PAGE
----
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Molecules 2018, 23(8), 1858; https://doi.org/10.3390/molecules23081858

HIV-1 Integrase-Targeted Short Peptides Derived from a Viral Protein R Sequence

1
Chemical Biology Laboratory, Center of Cancer Research, Frederick, MD 21702, USA
2
Developmental Therapeutics Branch and Laboratory of Molecular Pharmacology, Center for Cancer Research, National Cancer Institute, National Institutes of Health, Bethesda, MD 20892, USA
3
College of Pharmacy and Center for Retrovirus Research, The Ohio State University, Columbus, OH 43210, USA
4
Department of Chemistry and Biochemistry, The University of Southern Mississippi, Hattiesburg, MS 39406, USA
5
Division of Infectious Diseases, University of Colorado School of Medicine, Aurora, CO 80045, USA
*
Authors to whom correspondence should be addressed.
Academic Editor: Stefano Aquaro
Received: 25 June 2018 / Revised: 18 July 2018 / Accepted: 23 July 2018 / Published: 26 July 2018
(This article belongs to the Special Issue Recent Advances in the Development of Antiviral Agents)
Full-Text   |   PDF [1992 KB, uploaded 26 July 2018]   |  

Abstract

HIV-1 integrase (IN) inhibitors represent a new class of highly effective anti-AIDS therapeutics. Current FDA-approved IN strand transfer inhibitors (INSTIs) share a common mechanism of action that involves chelation of catalytic divalent metal ions. However, the emergence of IN mutants having reduced sensitivity to these inhibitors underlies efforts to derive agents that antagonize IN function by alternate mechanisms. Integrase along with the 96-residue multifunctional accessory protein, viral protein R (Vpr), are both components of the HIV-1 pre-integration complex (PIC). Coordinated interactions within the PIC are important for viral replication. Herein, we report a 7-mer peptide based on the shortened Vpr (69–75) sequence containing a biotin group and a photo-reactive benzoylphenylalanyl residue, and which exhibits low micromolar IN inhibitory potency. Photo-crosslinking experiments have indicated that the peptide directly binds IN. The peptide does not interfere with IN-DNA interactions or induce higher-order, aberrant IN multimerization, suggesting a mode of action for the peptide that is distinct from clinically used INSTIs and developmental allosteric IN inhibitors. This compact Vpr-derived peptide may serve as a valuable pharmacological tool to identify a potential new pharmacologic site. View Full-Text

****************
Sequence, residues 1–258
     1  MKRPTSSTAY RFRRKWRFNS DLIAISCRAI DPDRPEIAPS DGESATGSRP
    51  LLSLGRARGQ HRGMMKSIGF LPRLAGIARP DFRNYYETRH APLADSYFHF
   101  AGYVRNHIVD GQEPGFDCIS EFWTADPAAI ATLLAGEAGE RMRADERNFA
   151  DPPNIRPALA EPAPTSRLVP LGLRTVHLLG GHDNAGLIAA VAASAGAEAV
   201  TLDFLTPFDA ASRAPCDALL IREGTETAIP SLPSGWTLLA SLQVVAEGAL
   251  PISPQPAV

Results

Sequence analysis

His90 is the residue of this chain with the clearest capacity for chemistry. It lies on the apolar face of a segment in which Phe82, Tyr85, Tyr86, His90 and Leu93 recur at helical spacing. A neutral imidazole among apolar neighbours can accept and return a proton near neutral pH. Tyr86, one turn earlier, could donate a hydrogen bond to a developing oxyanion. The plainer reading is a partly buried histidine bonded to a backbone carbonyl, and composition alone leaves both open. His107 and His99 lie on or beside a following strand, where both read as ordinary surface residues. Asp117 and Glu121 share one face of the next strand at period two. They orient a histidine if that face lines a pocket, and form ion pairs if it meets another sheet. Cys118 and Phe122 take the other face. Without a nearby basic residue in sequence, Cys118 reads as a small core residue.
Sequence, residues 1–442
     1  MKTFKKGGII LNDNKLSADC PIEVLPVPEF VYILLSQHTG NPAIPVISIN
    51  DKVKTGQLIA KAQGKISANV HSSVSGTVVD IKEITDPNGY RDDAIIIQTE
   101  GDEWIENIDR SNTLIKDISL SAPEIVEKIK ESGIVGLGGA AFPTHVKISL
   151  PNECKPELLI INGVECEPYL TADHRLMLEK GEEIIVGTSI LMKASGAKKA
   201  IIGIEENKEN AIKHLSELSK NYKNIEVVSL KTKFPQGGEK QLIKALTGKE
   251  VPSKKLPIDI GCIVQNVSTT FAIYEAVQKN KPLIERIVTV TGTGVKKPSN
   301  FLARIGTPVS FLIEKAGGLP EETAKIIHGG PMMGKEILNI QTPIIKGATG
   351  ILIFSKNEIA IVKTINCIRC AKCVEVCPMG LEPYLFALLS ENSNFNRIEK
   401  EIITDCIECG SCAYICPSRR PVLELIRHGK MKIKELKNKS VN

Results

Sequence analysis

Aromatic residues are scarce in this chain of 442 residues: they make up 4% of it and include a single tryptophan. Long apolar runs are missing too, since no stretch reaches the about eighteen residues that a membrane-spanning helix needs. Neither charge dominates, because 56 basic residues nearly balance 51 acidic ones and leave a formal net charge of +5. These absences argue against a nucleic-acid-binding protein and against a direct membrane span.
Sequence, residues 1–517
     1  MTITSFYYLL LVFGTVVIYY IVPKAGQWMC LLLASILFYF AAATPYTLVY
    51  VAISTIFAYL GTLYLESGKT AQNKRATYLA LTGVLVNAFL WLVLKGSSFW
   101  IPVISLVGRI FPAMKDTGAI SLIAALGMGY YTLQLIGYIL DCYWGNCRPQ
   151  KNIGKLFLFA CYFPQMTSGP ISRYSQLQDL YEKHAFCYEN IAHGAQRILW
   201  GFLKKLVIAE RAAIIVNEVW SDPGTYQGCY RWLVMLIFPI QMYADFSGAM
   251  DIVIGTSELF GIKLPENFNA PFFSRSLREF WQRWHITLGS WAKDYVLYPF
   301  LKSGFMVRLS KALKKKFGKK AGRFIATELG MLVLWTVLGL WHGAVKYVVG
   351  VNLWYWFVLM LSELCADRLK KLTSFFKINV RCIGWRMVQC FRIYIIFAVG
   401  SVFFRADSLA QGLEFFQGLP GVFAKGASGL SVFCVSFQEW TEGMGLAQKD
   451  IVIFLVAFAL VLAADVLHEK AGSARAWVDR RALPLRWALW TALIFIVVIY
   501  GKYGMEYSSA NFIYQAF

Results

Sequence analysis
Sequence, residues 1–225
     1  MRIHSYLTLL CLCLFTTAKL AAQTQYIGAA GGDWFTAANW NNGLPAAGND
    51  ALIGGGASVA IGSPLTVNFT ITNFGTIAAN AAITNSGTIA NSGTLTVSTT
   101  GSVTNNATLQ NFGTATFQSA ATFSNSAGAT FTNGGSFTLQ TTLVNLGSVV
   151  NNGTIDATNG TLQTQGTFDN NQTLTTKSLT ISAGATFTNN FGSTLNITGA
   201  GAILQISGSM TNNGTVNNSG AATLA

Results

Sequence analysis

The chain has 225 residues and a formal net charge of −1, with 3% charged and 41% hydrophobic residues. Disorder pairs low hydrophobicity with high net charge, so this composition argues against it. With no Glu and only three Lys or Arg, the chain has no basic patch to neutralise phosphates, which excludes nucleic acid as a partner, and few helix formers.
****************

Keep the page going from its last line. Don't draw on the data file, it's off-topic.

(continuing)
Keywords: HIV-1 integrase; viral protein R; photoaffinity probe; inhibitor HIV-1 integrase; viral protein R; photoaffinity probe; inhibitor
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This is an open access article distributed under the Creative Commons Attribution License which permits unrestricted use, distribution, and reproduction in any medium, provided the original work is properly cited (CC BY 4.0).
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Zhao, X.Z.; Métifiot, M.; Kiselev, E.; Kessl, J.J.; Maddali, K.; Marchand, C.; Kvaratskhelia, M.; Pommier, Y.; Burke, T.R., Jr. HIV-1 Integrase-Targeted Short Peptides Derived from a Viral Protein R Sequence. Molecules 2018, 23, 1858.

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